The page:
Breast cancer–specific distress, though offset by psychosocial adjustment, is higher among adolescents at high risk of developing breast cancer, according to a study published in the Journal of Clinical Oncology.1
“There has been increasing interest in testing children for BRCA1/2 mutations. Additionally, there are some data to suggest that adolescent behaviors could affect future breast cancer risk,” said Angela R. Bradbury, MD, of the departments of medicine, hematology/oncology and medical ethics and health policy at the Perelman School of Medicine at the University of Pennsylvania in Philadelphia, and lead author of the study, in an interview with Cancer Therapy Advisor.
Previous studies found that girls age 10 to 13 with a family history of breast cancer, and young women age 18 to 24 with mothers with BRCA mutations, had higher cancer–specific stress compared with their peers, though their psychosocial adjustment was not affected.2,3
“To consider talking with girls about genetic or behavioral risks, we thought it important to first understand if girls in breast cancer families and those with BRCA1/2 mutations differ from their peers in adjustment, distress, or behaviors,” Dr Bradbury told Cancer Therapy Advisor.
Researchers recruited 320 young women from 247 families from pediatric practices in the Philadelphia area, the clinical cancer genetics program at the University of Pennsylvania and Fox Chase Cancer Center, the Facing Our Risk of Cancer Empowered nonprofit awareness group, community advertisements, and friend-nomination by mothers.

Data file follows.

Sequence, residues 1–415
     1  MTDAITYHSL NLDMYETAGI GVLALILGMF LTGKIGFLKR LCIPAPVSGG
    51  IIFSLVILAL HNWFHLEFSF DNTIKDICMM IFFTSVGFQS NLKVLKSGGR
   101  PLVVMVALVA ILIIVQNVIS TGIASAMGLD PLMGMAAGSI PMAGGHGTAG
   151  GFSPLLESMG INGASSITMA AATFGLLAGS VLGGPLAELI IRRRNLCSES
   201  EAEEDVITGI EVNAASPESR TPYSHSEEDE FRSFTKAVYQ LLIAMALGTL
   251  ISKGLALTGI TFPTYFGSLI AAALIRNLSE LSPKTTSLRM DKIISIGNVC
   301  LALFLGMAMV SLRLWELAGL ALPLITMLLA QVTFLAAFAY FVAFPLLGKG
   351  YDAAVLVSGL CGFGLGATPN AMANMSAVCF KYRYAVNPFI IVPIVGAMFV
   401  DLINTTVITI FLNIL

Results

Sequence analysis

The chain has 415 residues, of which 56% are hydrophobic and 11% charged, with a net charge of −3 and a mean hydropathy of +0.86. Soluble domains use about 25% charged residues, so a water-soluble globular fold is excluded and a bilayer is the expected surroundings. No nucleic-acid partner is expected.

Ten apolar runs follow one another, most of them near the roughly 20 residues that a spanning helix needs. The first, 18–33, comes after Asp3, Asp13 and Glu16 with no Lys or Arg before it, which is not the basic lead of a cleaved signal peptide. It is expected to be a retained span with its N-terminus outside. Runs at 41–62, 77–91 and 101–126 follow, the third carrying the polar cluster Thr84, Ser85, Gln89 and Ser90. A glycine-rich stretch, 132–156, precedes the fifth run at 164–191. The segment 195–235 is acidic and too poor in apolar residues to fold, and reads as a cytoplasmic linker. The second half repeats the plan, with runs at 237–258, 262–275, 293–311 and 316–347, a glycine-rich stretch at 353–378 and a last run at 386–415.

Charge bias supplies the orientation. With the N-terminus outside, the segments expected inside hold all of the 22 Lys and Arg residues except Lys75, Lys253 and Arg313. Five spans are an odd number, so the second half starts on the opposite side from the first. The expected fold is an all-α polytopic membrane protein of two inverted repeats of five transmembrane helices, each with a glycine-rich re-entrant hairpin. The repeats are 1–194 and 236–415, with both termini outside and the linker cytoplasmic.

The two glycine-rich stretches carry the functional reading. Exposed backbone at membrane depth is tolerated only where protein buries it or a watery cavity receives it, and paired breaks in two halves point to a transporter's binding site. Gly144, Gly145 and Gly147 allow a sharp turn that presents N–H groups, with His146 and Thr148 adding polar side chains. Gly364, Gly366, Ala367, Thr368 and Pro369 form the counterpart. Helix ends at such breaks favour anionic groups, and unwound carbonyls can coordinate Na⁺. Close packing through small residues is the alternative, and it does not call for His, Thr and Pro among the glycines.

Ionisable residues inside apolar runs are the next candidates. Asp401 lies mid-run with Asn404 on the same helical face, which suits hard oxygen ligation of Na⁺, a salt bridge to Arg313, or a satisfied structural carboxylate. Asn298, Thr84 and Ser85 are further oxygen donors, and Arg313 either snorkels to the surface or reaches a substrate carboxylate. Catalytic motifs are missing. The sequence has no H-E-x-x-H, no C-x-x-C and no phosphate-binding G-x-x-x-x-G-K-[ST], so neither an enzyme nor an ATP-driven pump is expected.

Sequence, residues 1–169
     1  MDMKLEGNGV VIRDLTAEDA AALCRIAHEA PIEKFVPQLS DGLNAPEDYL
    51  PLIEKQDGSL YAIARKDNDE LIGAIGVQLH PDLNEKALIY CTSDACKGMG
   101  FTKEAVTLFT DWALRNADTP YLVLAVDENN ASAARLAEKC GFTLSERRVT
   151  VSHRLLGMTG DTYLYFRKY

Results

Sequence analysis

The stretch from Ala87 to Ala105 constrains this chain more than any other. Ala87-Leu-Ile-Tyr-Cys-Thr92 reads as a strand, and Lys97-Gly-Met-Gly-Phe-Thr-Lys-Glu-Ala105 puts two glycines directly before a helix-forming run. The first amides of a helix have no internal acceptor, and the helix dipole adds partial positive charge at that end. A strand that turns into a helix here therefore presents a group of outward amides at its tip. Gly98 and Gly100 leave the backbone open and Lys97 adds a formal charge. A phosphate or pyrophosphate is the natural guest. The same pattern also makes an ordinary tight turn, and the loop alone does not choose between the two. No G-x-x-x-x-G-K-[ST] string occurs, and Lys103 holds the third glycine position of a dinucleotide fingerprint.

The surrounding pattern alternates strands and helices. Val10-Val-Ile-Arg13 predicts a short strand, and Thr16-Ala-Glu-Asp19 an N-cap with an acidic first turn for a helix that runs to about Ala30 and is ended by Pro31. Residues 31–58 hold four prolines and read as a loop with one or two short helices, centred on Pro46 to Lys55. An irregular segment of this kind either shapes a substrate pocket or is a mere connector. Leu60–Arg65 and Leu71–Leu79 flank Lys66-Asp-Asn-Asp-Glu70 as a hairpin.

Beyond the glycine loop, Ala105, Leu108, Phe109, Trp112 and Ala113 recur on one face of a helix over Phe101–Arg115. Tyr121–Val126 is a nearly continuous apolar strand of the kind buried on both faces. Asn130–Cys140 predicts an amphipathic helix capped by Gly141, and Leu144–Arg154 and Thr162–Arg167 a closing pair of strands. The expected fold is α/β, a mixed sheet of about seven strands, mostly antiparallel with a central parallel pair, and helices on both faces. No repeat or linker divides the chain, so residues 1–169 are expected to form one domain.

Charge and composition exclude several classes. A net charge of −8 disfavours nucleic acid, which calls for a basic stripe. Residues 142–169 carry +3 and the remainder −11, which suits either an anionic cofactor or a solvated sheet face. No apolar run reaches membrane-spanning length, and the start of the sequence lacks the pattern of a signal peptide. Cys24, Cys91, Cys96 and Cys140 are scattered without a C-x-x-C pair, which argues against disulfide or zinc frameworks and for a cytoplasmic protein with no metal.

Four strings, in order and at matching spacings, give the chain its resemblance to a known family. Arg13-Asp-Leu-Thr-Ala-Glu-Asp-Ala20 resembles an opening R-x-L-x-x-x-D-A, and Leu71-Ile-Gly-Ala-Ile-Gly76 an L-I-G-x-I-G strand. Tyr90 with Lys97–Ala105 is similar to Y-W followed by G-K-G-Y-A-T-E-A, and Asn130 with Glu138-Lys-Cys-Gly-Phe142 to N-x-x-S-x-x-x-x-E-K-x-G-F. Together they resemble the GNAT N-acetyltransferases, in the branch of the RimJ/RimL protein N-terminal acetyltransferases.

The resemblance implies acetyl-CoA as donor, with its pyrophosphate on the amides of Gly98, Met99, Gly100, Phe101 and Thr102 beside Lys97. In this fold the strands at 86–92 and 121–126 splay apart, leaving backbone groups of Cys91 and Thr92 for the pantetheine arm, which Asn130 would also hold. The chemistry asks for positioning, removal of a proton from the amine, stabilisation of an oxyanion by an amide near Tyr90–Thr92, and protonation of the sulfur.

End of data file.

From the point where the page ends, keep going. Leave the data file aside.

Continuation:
Overall, 65% of the young women had a family history of breast cancer, referred to as “breast cancer family history (BCFH) positive.” Thirty-three percent of the cohort had BRCA–positive mothers. Of those whose mothers were BRCA-positive, 55% were aware of their mother’s status. Characteristics were similar between BCFH-positive and -negative participants, except that those with BRCA-positive mothers were younger.
The BCFH-positive group demonstrated higher total breast cancer-specific stress, with a mean score of 4.9 (on a 0 to 38 scale); those in the BCFH-negative group scored 1.8. There was, however, no significant difference in general anxiety, depression, or the composite internalizing score between the groups.
Participants in the BCFH-positive group scored higher in self-esteem than those in the BCFH-negative group (57.7 versus 48.3%, respectively). According to Dr Bradbury, this discrepancy “may be a result of developing early coping skills as a result of facing cancer in the family.”